Over the past two decades, dozens of my mastering clients have hired music PR companies to promote their music.
They always regret it, and always tell me the same thing:
“They didn’t do anything for me that I couldn’t have done for myself.”
Same goes for labels, by the way.
I’ve never been on a label, and the two radio promoters I’ve worked with both turned out to be scammers. Knowing what I know, why would I take a chance on a music PR company?
First, the company I hired lives and breathes my genre, and works with some of the biggest names in it.
Second and most importantly, this article! I knew that even if the campaign was a total disaster, I’d at least be able to prevent others from making the same mistake.
So I forged ahead, paying roughly $2K for a two-month campaign to promote a double A-side release.
The contract I signed includes a confidentiality clause, so I’m not going to go into the specifics of my campaign, or even name the company. I think they did a solid job and I’d happily recommend them, but I understand why they’d rather keep the finer details between us.
UPDATE: They read the article and are totally fine with being mentioned! I worked with The Playground and would absolutely hire them again.
My Music PR Campaign Setup
My relationship with the PR team was very one-sided to begin with. I had homework to do, and plenty of it!
I uploaded assets to Google Drive, filled out a long questionnaire, and answered a series of stock questions for an interview that would later be posted on their site.
Next, we nailed down the press release, which was essentially a light rewrite of the bio I provided.
In retrospect, we should’ve worked harder on it. At the time, I didn’t realize that the vast majority of blog features would be a verbatim copy/paste of the press release.
Last but not least, I provided a spreadsheet of the various outlets that I routinely hit up. There was some overlap, and we double-teamed a handful of them, but for the most part, they solicited their contacts and I solicited mine.
My Music PR Campaign Results
Communication between myself and the PR team was near-constant, and they provided several progress reports. We worked closely to coordinate the premieres — three of them!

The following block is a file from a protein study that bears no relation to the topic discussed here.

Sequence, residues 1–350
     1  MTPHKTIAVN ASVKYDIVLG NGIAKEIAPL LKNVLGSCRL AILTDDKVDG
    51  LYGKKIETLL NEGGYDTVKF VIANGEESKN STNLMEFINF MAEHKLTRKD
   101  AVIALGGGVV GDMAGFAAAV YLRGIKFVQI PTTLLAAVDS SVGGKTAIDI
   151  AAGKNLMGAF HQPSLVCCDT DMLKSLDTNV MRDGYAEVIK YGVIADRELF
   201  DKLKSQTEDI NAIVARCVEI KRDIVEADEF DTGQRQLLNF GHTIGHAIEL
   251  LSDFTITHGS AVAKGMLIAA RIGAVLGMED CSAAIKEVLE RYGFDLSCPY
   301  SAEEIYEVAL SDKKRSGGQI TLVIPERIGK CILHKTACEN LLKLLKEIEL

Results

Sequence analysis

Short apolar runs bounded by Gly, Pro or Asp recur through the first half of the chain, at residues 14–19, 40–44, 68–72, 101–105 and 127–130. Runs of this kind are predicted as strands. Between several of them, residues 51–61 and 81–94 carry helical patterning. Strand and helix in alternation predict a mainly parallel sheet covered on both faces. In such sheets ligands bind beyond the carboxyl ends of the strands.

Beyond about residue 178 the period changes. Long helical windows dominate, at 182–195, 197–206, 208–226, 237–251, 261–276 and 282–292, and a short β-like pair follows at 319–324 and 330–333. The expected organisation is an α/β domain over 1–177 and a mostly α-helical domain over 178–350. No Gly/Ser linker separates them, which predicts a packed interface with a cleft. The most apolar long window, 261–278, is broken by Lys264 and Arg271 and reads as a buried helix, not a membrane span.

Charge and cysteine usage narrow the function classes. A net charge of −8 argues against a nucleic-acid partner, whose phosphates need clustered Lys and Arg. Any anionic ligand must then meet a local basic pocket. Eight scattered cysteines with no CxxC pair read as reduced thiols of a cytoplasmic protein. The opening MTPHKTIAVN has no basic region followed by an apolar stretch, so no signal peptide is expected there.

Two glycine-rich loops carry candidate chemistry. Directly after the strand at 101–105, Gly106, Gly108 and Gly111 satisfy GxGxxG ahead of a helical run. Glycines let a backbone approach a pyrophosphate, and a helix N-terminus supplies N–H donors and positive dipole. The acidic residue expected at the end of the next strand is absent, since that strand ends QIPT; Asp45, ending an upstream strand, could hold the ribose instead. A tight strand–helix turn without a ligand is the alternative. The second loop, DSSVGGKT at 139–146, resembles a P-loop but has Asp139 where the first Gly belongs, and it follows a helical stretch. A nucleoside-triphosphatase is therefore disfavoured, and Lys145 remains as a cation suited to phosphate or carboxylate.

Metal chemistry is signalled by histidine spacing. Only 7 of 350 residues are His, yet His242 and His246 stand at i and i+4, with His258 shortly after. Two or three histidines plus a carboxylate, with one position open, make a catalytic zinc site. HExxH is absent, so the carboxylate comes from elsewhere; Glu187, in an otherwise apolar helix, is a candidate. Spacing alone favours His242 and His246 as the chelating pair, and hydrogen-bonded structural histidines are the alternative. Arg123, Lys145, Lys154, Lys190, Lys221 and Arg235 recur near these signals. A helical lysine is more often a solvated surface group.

I could not have done this myself.
You may be wondering how we managed three premieres with two tracks. Wonderland called their feature a premiere a full two months after the track premiered in Atwood! I wasn’t going to complain.
Of course, the music PR company got me a lot more than those three features.
The songs received over three dozen plays on terrestrial and internet radio, a couple dozen more blog posts, and even a couple of YouTube features.
They reached out to big names like Pitchfork, Stereogum, NPR, Consequence of Sound, Brooklyn Vegan, and many, many more. Presumably if the songs were better or our pitch more interesting, the coverage would’ve scaled along with it.
My Music PR Campaign Conclusion
To be clear, this is no way to build a fanbase. I’ve never heard from anyone who discovered me on a blog or radio. Neither was there any clear return on my investment to help offset the cost.
On the other hand, the coverage could definitely improve my chances on Spotify, both with the recommendation engine and potentially with editorial placements.
It’s likely that if I continued to work with a music PR company, we could leverage these results into bigger coverage down the road. While it may not be fair to render a verdict on an entire industry based on a single two-month campaign, that’s all my budget allows for.
Have you ever hired a music PR company? Share your results in the comments!